Rosetta Stone Buys Up Online Language Learning Community Livemocha For $8.5M In Cash

Originally posted on TechCrunch:

Rosetta Stonehas just acquired Seattle-based online language-learning community Livemocha for $8.5 million in cash. Livemocha has one of the largest online language-learning communities in the world, boasting over 16 million members from over 195 different countries.

Rosetta Stone will likely use Livemocha’s cloud platform to offer its language packages online — they were once only available via disc set, with a complimentary iPad app.

Here’s what Rosetta Stone CEO and President Steve Swad had to say about it:

We are in the process of transforming Rosetta Stone to be the most dynamic and ubiquitous technology-based learning platform in the world. Our acquisition of Livemocha will help accelerate that transformation. With Livemocha and its vibrant online community on our side, Rosetta Stone will reach more people and change more lives than ever before.

Livemocha will remain in its Seattle-based offices, adding yet another arm to Rosetta Stone’s US presence which…

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Machine Translation in Short

Originally posted on Pangeanic Translation Technologies & News:

It is evident that certain documents require a human translator in order to interpret the subtleties of a language. Nevertheless, no matter how skilled a human translator may be, machine translation (also known as automatic translation or MT for short) exceeds the efficiency of a human translator.

Machine translation is generally used for subject-specific cases and this is where results and productivity rates are spectacularly higher. It allows individuals and companies to tailor their work according to the topic. Consequently, this enriches the output and quality of machine translation by cutting down on the number of choices for each word(s) to be translated.

This form of translation is extremely helpful in areas where formal language is used or phrases are repeated without much variation, such as administrative documents, which do not require the use of colloquial language and expression.

The potential of machine translation has been increasingly explored. In 2009…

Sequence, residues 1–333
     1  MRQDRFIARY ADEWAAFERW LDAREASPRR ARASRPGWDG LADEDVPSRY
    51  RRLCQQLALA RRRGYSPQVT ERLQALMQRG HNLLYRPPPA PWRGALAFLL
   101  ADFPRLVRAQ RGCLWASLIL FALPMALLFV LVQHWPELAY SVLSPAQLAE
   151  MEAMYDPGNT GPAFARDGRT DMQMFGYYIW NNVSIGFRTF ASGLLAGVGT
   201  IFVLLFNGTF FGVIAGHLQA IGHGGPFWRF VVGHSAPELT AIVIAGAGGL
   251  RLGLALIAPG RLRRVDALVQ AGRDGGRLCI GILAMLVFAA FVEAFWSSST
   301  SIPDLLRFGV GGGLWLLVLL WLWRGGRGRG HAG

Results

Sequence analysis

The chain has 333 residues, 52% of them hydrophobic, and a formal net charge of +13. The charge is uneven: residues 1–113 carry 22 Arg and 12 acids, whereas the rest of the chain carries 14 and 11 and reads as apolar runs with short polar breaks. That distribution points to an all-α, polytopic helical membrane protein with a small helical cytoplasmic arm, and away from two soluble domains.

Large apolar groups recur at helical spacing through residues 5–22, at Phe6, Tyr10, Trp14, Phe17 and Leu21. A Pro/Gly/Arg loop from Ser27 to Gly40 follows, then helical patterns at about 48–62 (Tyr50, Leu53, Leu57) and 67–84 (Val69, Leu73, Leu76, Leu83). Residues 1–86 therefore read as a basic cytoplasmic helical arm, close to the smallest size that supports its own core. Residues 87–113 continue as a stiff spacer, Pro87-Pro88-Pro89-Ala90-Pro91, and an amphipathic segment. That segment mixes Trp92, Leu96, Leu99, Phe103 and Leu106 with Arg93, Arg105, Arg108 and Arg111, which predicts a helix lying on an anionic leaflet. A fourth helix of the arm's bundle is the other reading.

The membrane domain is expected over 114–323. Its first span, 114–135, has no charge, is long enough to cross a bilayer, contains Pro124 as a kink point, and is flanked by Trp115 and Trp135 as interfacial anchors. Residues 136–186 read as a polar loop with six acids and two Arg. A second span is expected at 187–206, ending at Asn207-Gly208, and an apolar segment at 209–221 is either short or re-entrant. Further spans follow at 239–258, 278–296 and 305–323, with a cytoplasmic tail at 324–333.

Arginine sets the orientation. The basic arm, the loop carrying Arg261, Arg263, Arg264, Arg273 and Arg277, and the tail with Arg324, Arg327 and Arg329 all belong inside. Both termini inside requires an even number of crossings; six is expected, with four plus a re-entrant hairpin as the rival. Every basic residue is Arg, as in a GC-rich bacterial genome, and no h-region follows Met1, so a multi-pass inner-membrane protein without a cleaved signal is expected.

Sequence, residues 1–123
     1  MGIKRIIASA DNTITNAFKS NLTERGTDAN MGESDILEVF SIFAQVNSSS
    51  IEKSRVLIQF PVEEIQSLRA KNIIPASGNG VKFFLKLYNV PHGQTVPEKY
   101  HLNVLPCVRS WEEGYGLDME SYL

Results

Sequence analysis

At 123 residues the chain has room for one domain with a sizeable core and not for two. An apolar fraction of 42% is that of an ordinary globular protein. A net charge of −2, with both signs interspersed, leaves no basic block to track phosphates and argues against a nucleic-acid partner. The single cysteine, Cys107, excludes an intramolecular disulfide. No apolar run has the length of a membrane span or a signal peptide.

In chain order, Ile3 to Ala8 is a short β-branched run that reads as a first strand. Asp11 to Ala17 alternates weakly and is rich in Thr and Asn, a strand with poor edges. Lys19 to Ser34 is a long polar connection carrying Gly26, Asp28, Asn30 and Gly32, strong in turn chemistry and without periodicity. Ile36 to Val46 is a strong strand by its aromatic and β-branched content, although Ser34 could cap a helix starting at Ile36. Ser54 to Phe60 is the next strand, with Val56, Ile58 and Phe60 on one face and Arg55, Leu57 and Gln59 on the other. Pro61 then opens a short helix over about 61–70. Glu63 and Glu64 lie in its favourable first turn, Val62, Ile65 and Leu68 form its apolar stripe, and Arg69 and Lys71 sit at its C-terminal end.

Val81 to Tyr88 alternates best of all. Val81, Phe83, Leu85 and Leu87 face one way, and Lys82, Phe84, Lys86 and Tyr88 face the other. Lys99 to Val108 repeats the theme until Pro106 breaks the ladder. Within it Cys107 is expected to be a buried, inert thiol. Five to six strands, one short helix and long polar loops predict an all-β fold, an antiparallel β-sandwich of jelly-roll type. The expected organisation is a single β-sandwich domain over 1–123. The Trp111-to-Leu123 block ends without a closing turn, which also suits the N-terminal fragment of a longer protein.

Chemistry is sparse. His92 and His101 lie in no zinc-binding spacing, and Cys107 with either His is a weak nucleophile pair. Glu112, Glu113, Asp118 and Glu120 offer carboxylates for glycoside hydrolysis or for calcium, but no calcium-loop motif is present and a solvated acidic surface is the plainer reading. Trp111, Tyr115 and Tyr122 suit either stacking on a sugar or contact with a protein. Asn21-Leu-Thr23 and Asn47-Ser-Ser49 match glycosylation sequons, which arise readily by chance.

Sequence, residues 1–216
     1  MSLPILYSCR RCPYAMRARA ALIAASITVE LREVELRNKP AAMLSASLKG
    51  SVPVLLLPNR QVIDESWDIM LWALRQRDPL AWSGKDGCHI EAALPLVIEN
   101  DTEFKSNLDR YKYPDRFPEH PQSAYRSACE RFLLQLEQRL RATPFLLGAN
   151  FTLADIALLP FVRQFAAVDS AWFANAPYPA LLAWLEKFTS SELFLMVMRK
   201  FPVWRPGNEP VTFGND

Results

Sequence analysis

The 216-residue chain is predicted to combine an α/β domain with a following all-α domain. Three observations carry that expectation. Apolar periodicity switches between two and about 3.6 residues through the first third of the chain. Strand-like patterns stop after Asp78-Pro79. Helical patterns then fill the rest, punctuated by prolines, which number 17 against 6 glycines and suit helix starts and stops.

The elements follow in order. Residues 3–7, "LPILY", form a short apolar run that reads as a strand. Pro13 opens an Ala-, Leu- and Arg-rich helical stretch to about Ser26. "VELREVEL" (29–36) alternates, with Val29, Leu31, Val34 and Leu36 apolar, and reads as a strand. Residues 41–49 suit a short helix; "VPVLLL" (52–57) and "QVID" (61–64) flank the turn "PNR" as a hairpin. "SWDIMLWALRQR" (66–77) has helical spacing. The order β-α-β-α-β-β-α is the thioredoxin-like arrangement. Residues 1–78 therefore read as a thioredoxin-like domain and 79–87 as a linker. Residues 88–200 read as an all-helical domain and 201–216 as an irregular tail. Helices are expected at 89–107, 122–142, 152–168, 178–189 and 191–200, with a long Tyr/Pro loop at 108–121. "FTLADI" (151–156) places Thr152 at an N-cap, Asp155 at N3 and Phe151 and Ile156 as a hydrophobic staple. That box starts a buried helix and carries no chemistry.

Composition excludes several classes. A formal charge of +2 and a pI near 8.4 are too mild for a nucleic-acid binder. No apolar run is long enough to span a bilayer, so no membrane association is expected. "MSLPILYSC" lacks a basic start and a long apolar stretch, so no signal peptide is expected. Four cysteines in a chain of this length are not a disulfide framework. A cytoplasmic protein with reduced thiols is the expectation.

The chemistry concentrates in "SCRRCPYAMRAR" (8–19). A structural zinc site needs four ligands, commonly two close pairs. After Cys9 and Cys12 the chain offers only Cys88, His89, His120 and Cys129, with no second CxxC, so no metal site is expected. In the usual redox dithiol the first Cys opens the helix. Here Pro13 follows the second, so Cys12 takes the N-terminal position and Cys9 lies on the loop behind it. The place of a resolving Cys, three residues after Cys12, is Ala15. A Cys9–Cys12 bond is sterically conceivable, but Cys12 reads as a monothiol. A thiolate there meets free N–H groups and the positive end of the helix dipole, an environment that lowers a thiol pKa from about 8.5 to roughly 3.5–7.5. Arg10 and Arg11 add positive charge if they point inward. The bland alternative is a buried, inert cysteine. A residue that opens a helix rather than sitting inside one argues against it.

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Interview with Marja Vaba – Translation Quality Manager

Marja Vaba is a Translation Quality Manager working for one of the biggest and most innovative IT world companies. Her contribution is very useful to understand in which direction the translation/localization is going towards terminology management.

1) Linda Burchi: Could you please introduce yourself? What is your academic background, work experience and current position?
Marja Vaba: I have worked as Translation Quality Manager in a quickly growing software company for almost five years. When I started, it still felt like working in a start-up where going with the ideas was more important and beneficial than following documentation. Now the company is so big that following processes and having decent documentation and data-bases is essential for quality assurance in both software development and translation (quality) management. I have had the chance to build up the translation quality system in the company. I have found my background in linguistics and translation industry useful for that.

2) Linda Burchi: Is terminology an important variable on the web?
Marja Vaba: I think that terminology is an important variable in all texts because the consistent and systematic way we call things and phenomena is very important for reader/user understanding. There is also another aspect: in web, new products emerge very often, thus well-coined and motivated terms help users to understand better what they are buying/dealing with.

3) Linda Burchi: Has the web communication an influence on terminology?
Marja Vaba: It certainly does. In web, everybody has access not only to information, but also freedom to express their opinion. This also counts for terminology – kind of crowdsourcing is going on all the time if a company listens to its users/community.

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From Crude Rules for Classification to Machine Learning

Originally posted on Aiaioo Labs Blog:

I recently gave a lecture at a college in Bangalore where I explained to a roomful of undergrads how machine learning algorithms can be constructed incrementally starting from crude rule-based algorithms.  I explained how you could start with a list of words and make incremental improvements till you obtained a Naive Bayesian Classifier.

Here are the slides on the transition from crude rule based methods to machine learning that I presented at the college (showing how the incremental transition can be made).

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